The next and final opener was Awolnation.  While they weren’t as metal as Wakrat, they had some cool songs, and the crowd seemed to know some of them too.  They also had a pretty badass drum solo, that led to a guitar solo too.  The crowd slowly got bigger during their set, and it was surprising to eventually see the Amphitheatre get filled closed enough to capacity on a Wednesday night, given the demographic of fans.  The sun set, and there was a little relief from the scorching heat with a lakeside breeze.  Awolnation was a good warm up, but it was time for the band we all came to see, Prophets of Rage.


DJ Lord was first to come out, as he went to work on the turntables, spinning some classics.  He paid tribute to some fallen legends including Michael Jackson, David Bowie, Ol’ Dirty Bastard, MCA, and Kurt Cobain.  DJ Lord showed off more than most DJs, even going behind his back to do some scratches at one point.  Eventually the whole band came out, Chuck D wearing a Cypress Hill shirt and B-Real wearing a Public Enemy shirt, and they got their set started with the self-titled single.  With the unique, new song out of the way, they then got into a medley of covers from all three of the original groups.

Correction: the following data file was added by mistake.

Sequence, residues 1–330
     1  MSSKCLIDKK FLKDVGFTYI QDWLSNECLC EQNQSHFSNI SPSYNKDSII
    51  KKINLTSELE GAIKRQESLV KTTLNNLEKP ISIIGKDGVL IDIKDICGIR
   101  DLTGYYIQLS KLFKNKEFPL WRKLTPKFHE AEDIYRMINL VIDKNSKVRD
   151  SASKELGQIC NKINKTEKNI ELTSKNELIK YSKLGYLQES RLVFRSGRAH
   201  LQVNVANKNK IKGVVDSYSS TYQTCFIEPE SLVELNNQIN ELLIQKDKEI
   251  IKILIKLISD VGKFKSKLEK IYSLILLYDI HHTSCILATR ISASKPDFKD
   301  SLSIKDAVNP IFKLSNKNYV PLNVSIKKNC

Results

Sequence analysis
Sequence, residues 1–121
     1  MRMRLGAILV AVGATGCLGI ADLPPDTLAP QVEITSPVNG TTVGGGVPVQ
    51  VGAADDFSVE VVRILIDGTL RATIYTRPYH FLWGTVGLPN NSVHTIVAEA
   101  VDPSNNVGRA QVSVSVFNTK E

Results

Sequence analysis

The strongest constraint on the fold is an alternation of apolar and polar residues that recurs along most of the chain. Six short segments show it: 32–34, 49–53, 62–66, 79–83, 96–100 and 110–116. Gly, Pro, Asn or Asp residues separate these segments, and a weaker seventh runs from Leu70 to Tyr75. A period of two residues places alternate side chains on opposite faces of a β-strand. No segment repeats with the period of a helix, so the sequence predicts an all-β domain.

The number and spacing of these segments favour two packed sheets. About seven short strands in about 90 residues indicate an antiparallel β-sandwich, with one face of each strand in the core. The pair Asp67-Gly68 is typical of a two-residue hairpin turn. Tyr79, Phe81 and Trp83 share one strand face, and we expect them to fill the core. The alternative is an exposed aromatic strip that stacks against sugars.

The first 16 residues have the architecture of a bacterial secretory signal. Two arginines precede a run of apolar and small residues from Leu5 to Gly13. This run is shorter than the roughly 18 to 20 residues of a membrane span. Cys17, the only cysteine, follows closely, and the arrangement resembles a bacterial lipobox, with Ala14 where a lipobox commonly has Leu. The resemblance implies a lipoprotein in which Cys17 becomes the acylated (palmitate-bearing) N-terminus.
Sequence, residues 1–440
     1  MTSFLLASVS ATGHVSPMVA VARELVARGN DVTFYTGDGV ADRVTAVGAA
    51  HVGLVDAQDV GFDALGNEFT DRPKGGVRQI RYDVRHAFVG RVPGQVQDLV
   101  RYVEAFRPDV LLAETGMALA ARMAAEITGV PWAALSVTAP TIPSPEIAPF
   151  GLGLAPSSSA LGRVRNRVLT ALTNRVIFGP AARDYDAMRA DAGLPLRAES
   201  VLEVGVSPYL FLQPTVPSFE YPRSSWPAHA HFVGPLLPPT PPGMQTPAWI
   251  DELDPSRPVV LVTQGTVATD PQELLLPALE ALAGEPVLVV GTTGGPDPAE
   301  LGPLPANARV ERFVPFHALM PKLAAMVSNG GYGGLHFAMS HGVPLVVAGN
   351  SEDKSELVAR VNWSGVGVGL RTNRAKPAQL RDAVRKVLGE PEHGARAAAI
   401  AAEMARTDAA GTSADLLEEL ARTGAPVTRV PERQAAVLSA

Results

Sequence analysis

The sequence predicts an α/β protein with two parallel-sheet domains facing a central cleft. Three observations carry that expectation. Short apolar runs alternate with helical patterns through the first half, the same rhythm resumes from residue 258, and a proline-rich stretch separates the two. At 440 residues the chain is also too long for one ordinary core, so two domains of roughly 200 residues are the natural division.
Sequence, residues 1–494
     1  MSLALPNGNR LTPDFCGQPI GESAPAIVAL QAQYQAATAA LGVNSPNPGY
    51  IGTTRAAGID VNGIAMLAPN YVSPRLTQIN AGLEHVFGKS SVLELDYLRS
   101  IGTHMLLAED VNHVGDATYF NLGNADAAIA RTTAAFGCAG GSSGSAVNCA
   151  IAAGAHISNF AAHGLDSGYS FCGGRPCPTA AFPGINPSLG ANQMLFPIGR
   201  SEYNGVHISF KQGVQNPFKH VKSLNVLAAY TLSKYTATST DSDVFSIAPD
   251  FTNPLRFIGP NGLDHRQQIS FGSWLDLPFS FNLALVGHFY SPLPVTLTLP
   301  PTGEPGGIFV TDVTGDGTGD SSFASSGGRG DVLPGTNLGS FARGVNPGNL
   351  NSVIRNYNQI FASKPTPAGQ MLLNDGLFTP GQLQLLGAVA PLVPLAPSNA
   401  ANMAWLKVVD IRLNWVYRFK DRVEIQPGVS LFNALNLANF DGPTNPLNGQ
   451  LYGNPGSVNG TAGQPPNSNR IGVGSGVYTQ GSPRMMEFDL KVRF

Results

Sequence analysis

They covered Rage Against The Machine’s “Bombtrack” and “Take The Power Back,” Public Enemy’s “Miuzi Weighs A Ton,” and Cypress Hill’s “Rock Superstar.”  The live instrumentation made the rap songs extra energetic, while B-Real and Chuck D’s vocal covers on the Rage songs gave them a unique twist.  While they can’t exactly do justice to Zack De La Rocha’s vocals, Chuck D’s booming voice can emulate the chants well while B-Real’s high pitch is effective at nailing Zack’s verses.